The Business of Law: Why Lawyers Must Develop their Own Books of Business

It’s happening every day. Change. Just read the Daily Law Bulletin or National Law Review. New law firm mergers and buyouts are becoming commonplace. Law firms are looking more like a business and less like the wild west. It’s a reality that the firm you work at today, may not be the same firm tomorrow. While that could be a blessing or a curse, the common theme on the street for every attorney still remains, “what’s your book of business?” Why is that so important today versus in the past? Let’s take a closer look at the facts so that you can make an important life decision in 2019.

Fact #1. According to a article in October 2018, law firm mergers are happening at a record pace. Currently there are approximately six-to-eight mergers per month happening nationally.

Impact on you: Whether you are on the buy side or the sell side of a merger, it may not matter. Many of these mergers create an opportunity to trim the fat.  It should not be a surprise that attorneys with a sustainable book of business are not considered “fat.” Doing good work for your rainmaking partner just isn’t enough anymore. Without having your own clients and driving business to the firm, you may be setting yourself up for disaster.

Fact #2. Being a business development coach for lawyers, I find myself interacting with legal recruiters from time to time. They regularly indicate that attorneys with their own portable book of business aren’t as marketable and get paid significantly less as an inbound lateral.  In speaking with Chris White of The Gunther Group, he states that “In our recent experience, compensation for partners with a book of business valued between $500K and $1 million at midmarket firms can expect compensation ranging from $250K-500K. Without business, compensation could fall 20-30%, and would likely be significantly less (40%+) compared to partners nearing $1 million in originations. Importantly, midmarket firms rarely seek partners without a book of business except when they have a pressing need.”

Impact on you: While some opportunities arise from time to time for an in-house role or at another firm, the only real job security needs to be created by you.  If you read my monthly column, you know that there are many skills that need to be learned (and they are learned, not “born with”) to make business development easier and even enjoyable. It’s critical that you find internal and external resources to gain these skills. We are only one recession away from another 2008 when lawyers were being released and displaced at record numbers.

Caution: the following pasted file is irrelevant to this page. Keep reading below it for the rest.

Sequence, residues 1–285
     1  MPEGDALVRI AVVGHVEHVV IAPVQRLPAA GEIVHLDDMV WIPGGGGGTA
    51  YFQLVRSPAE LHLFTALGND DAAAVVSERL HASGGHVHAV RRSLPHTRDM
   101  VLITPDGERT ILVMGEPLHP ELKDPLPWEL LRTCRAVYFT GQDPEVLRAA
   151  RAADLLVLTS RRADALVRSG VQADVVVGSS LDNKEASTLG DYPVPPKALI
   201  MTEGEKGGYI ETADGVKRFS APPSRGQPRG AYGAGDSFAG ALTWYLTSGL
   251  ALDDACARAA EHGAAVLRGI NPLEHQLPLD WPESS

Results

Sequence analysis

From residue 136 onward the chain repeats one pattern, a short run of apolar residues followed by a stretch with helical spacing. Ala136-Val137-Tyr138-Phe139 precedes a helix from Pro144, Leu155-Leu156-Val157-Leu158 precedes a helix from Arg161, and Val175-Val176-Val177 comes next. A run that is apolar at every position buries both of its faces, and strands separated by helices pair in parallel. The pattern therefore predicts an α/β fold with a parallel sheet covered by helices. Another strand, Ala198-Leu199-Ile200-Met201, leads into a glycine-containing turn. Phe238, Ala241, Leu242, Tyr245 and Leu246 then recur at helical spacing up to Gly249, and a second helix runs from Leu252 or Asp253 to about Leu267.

Fact #3. The ABA released its Legal Professional Statistics in November 2018 regarding Lawyer population and it’s never been higher. There are currently 1,338,678 attorneys nationally and 63,422 in the state of Illinois alone.

Impact on you: With competition at a record high, it’s never been more important to separate yourself from the crowd. Marketing yourself and your unique set of skills is the answer for many successful attorneys. Ask yourself, “who’s the most successful attorney in my practice area?” Then work diligently to get there in the next two, five or ten years. Working on your business development skills and personal branding today will be critical to your future. The good news is that most attorneys aren’t doing this yet, so by starting now, you can work to get ahead of the curve.   

Fact #4. The Baby Boomers are slowly retiring and it’s not going the way we all thought. In the past, it was assumed that an elder’s book of business would trickle down to the service partners’ book in the form of originations. In today’s business environment, it’s not financially beneficial or even feasible for the firm to give full originations credit when the rainmaker steps down.

Impact on you: Hiding behind the older rainmakers and waiting for them to retire or die, just isn’t a fool-proof plan anymore (and it’s a little morbid too). While it’s possible that you are due some reward for all of your hard-earned hours with his/her clients, counting on that may be the kiss of death for you. Balance your time on billing and originating to ensure you’re setting yourself up for success in the future. As I mentioned above, utilize all of the resources available to you. Work daily to learn, execute and grow your OWN practice. If you happen to get some credit on a matter you’ve worked on in the past, it’s just icing on the cake.

At the end of the day, it’s really “YOU, INC.” and must be treated as such. Developing your book and having your own clients is not an option anymore if you’re looking for independence, security and financial freedom. Creating new originations may seem like a second job, but with focused learning and execution you can still have the balance you need to be happy.

For more information on building your own book at your firm or individual practice, check out my blog at

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